In an effort to shed some light on manufacturer involvement in the training and education of the floor covering installer, FCI Magazine went out and tapped the source. Alloc President Claes Wennerth, Forbo's Tim Cole, and Peter Nielsen of Schluter Systems offer a different look at the role training plays in the installation industry.

In an effort to shed some light on manufacturer involvement in training and education for the floor covering installer, FCI magazine went out and tapped the source. Forbo’s Tim Cole, Alloc President Claes Wennerth, and Peter Nielsen of Schluter Systems offer a different look at the role installation training plays in the floor covering industry, and the manufacturer’s responsibility to it.

FCI Magazine:What is your philosophy on training installers in the proper installation techniques for your products? Basically, how much importance is placed on training, and why?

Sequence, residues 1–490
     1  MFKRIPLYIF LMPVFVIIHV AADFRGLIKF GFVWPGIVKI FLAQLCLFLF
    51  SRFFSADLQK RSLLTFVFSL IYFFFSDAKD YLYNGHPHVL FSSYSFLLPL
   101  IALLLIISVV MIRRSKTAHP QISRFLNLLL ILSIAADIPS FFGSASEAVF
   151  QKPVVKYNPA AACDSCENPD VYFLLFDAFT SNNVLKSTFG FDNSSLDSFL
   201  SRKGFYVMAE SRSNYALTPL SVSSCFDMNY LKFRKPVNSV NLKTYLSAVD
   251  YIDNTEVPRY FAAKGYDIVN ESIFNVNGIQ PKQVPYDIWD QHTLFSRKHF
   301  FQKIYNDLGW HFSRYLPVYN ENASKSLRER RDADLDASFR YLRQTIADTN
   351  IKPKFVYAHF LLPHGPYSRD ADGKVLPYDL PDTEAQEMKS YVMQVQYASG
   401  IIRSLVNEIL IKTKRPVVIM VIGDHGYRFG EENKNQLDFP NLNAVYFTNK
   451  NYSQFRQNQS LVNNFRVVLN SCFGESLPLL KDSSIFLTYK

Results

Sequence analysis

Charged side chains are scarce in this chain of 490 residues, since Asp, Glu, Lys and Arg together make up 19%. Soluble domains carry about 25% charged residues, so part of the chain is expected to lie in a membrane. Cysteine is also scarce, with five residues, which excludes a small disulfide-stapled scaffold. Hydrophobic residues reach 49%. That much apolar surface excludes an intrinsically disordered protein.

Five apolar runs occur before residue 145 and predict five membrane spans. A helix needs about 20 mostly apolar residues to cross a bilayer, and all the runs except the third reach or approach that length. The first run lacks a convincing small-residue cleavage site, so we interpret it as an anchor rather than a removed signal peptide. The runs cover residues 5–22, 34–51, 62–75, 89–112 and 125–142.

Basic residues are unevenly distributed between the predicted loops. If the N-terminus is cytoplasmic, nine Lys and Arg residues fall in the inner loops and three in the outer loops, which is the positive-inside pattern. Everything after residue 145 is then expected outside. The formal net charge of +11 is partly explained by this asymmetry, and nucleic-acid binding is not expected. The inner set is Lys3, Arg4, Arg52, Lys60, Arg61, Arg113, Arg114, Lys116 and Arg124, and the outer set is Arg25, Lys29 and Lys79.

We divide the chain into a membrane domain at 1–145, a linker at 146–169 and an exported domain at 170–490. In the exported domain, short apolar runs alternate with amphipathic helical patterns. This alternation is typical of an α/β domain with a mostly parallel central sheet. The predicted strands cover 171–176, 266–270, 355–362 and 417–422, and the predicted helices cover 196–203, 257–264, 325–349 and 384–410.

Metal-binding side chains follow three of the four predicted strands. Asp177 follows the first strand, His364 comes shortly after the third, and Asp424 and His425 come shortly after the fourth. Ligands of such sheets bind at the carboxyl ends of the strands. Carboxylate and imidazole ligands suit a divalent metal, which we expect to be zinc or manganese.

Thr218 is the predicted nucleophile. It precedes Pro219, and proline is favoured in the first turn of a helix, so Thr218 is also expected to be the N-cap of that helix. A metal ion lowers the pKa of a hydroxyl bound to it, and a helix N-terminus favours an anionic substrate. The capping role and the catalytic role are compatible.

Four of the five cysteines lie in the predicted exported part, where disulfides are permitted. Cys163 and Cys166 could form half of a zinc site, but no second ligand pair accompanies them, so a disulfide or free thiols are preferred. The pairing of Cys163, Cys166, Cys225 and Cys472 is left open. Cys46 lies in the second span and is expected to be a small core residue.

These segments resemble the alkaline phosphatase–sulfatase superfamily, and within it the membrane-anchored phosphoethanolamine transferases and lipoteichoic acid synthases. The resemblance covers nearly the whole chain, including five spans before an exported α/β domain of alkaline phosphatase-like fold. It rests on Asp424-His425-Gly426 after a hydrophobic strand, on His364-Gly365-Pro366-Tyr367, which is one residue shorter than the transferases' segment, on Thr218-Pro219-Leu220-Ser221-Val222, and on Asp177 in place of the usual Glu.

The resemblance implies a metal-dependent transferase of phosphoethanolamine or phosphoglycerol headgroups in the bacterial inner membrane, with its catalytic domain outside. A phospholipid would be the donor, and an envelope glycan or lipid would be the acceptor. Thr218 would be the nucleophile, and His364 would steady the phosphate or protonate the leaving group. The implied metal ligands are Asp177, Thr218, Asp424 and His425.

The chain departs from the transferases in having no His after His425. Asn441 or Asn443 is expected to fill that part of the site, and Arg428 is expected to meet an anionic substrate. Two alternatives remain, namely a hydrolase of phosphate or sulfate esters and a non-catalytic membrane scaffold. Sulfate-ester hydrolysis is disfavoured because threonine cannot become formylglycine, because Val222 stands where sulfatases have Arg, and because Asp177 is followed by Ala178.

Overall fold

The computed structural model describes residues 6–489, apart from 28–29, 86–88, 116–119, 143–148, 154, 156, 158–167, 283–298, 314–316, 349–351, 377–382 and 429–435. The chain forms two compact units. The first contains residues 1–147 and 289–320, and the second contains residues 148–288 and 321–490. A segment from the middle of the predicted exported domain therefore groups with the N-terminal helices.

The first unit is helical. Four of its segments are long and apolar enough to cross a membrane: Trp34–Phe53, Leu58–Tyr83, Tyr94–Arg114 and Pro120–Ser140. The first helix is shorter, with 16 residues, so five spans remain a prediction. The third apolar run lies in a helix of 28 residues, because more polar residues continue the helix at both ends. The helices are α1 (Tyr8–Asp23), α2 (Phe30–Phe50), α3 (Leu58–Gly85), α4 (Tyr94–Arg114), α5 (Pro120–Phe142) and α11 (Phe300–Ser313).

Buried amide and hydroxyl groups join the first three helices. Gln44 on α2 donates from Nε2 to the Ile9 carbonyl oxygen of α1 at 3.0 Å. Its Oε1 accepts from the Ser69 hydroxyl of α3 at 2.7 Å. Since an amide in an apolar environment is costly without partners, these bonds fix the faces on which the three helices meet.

Tim Cole: We believe that the key to our success in the world market lies in the hands of the resilient installer, which is why we place installation training as a top priority. Our training programs emphasize the importance of believing that professionalism and the right attitude are the keys to being a successful installer. It is not our intention to train someone to be an installer, but (to) take an installer and offer a wide range of installation techniques to better handle changing job site conditions.

Claes Wennerth: We feel it is critical that installers be well informed about proper preparation and technique in order to get the best results. With 70% of our floors installed by professionals, it is vital that we provide them with the training and tools they need to effectively do their jobs.

Peter Nielsen: The short answer is, installer training will be the determining factor of whether or not the tile industry will remain healthy, and whether or not it will reach its full potential. Ceramic tile is an installed product. If end-users are dissatisfied because of improper installation, they will look to alternative surface coverings.

FCI: Installation-related problems represent a large portion of consumer claims. What effect do you see your various approaches to training having on claim reductions?